Farmer caring for his land

How is God at work in the environment?

Paying attention to God’s involvement in the environment gives us a more encouraging way forward.

“Jesus said my yoke is easy and my burden is light,” explained Phileena Heurtz. “When I consider the state of our world and the concern of the future for our planet, it feels very heavy. It can be depressing.”

“But, Jesus said his burden was light. What I’ve found is that through contemplation, we can enter into the life of God that is involved on our planet.”

She learned to embrace a practice of mindful silence and listening to the whispers of the Holy Spirit. Then she found another way to approach the issue of the environment. She was different from the heaviness and despair she was more used to seeing.

This change in outlook is available to us as well. We don’t need to be the planet’s saviors as much as we need to align ourselves with the Savior. By drawing closer to God, we can find that the planet still has a strong case for hope. God’s plan for redemption includes all of Creation.

But how can we be more perceptive about what God is doing in our planet, especially during a time of environmental crisis? Here are a few things worthy of our attention:

Diversity is a good thing
Diversity is a good thing

God designed a planet that thrives on diversity

When you take a more expansive look at the world, you notice how God designed things to thrive on diversity. Any biodiversity hotspot serves as an example that life is so much healthier when it comes in many different forms.

Diversity is a good thing. This is true for species that inhabit an ecosystem, people that make up a society, individuals that make up a team, crops that grow on a farm, or sources of income for a family. It’s when we tempt farmers to grow a single crop, encourage people to see through a single perspective, or reduce the number of species in a habitat that things start to go truly wrong.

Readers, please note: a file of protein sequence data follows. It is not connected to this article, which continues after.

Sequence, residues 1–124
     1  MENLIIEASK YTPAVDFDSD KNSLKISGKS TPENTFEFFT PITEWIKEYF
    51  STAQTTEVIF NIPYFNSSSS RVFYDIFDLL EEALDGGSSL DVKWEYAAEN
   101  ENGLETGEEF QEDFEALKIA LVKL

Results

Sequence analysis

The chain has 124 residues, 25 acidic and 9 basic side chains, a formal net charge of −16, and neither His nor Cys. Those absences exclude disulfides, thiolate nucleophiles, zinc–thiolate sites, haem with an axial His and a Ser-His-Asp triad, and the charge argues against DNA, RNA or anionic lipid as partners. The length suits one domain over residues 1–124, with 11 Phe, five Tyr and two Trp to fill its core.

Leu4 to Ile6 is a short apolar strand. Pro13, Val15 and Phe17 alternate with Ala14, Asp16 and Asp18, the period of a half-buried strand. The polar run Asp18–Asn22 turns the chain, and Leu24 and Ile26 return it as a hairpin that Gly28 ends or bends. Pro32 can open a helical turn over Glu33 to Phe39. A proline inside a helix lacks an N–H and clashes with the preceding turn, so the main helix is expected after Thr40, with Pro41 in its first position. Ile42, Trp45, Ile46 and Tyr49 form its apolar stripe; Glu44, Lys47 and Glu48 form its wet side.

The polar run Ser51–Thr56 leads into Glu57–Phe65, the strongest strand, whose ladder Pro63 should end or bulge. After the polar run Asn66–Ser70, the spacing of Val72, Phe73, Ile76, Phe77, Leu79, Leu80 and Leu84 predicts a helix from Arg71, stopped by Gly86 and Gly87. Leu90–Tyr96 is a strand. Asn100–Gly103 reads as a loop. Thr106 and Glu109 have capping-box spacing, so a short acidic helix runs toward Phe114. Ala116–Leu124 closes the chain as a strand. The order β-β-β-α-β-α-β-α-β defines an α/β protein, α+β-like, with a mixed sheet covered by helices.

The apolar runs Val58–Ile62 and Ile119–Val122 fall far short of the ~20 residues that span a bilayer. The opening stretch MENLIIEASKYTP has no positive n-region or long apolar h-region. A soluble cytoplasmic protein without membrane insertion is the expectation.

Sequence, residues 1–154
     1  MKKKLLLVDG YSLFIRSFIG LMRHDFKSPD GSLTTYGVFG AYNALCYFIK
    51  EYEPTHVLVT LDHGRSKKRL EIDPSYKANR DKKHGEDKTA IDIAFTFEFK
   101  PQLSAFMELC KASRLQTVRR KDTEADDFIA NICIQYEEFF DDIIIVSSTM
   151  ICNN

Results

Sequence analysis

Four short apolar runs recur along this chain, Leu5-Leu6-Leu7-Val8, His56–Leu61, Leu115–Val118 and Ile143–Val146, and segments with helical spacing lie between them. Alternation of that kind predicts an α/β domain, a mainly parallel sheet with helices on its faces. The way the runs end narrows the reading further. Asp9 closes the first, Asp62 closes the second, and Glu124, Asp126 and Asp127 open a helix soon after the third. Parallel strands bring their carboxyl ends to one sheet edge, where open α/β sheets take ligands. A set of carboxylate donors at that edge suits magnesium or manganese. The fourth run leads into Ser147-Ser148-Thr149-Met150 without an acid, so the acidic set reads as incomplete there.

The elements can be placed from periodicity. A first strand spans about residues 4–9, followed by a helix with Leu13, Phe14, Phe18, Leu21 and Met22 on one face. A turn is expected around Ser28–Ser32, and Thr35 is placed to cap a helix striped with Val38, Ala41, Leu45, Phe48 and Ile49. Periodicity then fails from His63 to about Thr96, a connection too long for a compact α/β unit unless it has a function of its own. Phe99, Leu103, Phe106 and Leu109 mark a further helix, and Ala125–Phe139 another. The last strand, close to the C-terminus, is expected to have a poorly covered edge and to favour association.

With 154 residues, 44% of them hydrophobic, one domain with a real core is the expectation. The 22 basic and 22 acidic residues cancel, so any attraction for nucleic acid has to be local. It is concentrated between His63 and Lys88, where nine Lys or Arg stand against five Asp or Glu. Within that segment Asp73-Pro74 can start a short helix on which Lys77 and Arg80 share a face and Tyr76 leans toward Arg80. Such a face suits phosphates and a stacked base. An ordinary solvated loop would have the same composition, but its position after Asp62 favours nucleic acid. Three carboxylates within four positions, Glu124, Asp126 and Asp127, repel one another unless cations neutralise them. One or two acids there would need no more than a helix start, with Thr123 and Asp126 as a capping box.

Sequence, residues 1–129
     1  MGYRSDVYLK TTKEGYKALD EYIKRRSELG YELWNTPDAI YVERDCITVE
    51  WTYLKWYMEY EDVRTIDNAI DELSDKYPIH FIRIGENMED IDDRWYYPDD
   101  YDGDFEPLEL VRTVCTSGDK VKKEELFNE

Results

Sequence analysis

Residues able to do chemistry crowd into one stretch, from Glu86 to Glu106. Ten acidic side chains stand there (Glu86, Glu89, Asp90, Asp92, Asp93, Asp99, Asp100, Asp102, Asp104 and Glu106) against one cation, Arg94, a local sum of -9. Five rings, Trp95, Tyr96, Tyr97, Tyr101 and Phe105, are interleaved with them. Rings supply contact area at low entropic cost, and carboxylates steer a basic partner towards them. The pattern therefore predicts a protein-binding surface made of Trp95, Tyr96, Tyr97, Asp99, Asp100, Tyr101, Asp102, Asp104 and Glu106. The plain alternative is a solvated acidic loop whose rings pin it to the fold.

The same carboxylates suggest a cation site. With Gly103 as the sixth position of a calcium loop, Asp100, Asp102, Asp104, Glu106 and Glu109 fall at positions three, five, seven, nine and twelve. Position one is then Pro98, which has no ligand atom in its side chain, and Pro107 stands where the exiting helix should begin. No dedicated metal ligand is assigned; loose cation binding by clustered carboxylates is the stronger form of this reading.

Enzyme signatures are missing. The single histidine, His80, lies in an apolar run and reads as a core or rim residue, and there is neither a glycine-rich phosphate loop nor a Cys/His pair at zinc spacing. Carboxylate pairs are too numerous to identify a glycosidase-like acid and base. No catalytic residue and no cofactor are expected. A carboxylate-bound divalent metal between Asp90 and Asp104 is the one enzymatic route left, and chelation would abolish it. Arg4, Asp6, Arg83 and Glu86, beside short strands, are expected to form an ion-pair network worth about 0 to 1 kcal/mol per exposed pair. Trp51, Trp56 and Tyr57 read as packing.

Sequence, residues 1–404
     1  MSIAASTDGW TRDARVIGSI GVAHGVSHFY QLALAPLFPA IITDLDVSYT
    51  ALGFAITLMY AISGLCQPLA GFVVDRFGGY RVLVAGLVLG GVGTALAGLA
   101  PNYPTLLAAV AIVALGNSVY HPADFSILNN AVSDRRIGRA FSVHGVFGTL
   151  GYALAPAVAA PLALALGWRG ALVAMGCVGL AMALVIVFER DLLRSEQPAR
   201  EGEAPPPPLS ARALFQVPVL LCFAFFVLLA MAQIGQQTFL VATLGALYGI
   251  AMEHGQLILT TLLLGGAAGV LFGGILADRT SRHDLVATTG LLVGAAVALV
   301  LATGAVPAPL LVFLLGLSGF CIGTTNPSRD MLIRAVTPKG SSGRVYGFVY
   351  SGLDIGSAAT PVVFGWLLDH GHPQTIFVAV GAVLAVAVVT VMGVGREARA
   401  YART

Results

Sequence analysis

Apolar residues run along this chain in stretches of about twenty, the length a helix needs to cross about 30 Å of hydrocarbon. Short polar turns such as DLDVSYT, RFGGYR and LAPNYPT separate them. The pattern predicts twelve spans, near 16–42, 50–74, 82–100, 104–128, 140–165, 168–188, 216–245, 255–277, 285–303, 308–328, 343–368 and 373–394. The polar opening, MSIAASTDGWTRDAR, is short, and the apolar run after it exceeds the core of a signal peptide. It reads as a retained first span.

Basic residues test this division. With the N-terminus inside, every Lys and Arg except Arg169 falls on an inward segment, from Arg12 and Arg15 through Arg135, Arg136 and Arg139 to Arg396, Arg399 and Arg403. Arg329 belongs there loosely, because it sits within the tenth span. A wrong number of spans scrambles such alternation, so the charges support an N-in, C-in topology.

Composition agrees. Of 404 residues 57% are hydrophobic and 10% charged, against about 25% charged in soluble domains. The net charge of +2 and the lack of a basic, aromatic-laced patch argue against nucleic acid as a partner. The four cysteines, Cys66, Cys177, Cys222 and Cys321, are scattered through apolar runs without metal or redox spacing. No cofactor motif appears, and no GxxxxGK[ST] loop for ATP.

Revelation 7:9 shows how wide ranging diversity is a part of God’s great vision. “After this I looked, and behold, a great multitude that no one could number, from every nation, from all tribes and peoples and languages, standing before the throne and before the Lamb clothed in white robes, with palm branches in their hands…”

At a time where systems marginalize many cultures or people groups, this is our reminder that God calls us in the opposite direction. In effect, environmental restoration efforts are much more effective when culture is considered as an important factor in creating change.

God’s heart for diversity can also extend to biodiversity. At a time when one million species are at risk of extinction, we must remind ourselves that each of those species was deliberately designed by God. We have a responsibility to protect the gift of biodiversity he has given our world.

Life a gift and a miracle
Life a gift and a miracle

God has given us the gift of resilience

Not only is life a gift and a miracle, but it is an incredibly resilient one. The persistence that God has given life to find its way amidst obstacles is a testament to his will for life to thrive.

Jesus talks about coming for people to experience life abundantly, and while we usually read that with an individualized focus. Why stop there? Without any human effort, rainforests like the Amazon have grown and housed millions of plant, insect, and animal species. Waterways have carved out canyons and fjords, and the most breathtaking scenes have come into existence.

This isn’t to say we should relax our efforts to take care of creation. If anything, this should inspire us to participate in making sure life continues to thrive.

The resilience of creation, and the persistence of life means that if we steward things well, life can grow abundantly. Maybe it shouldn’t be so surprising that sometimes a solution as simple as the reintroduction of trees around Mt. Kilimanjaro can impact the environment. It is enough to cool temperatures, increase food growth, and bring back bird species that haven’t been seen in generations.

Heurtz points out the value of paying attention to God’s work in the environment. It reminds us that we are called to be co-participants, not saviors. “It’s the difference between thinking it’s up to us and learning how to partner with the Creator who cares more than we do,” she says. “How to serve and work in a way that is in service of the good of the planet while relinquishing control and attachment to outcome.”

Our full conversation with Phileena Heurtz is featured in Episode 4 of the Grassroots Podcast- Loving God By Loving Creation. To listen, look for us on Spotify, Apple Podcasts, or wherever you get your podcasts. Or use the player down below!

Shriya Asher

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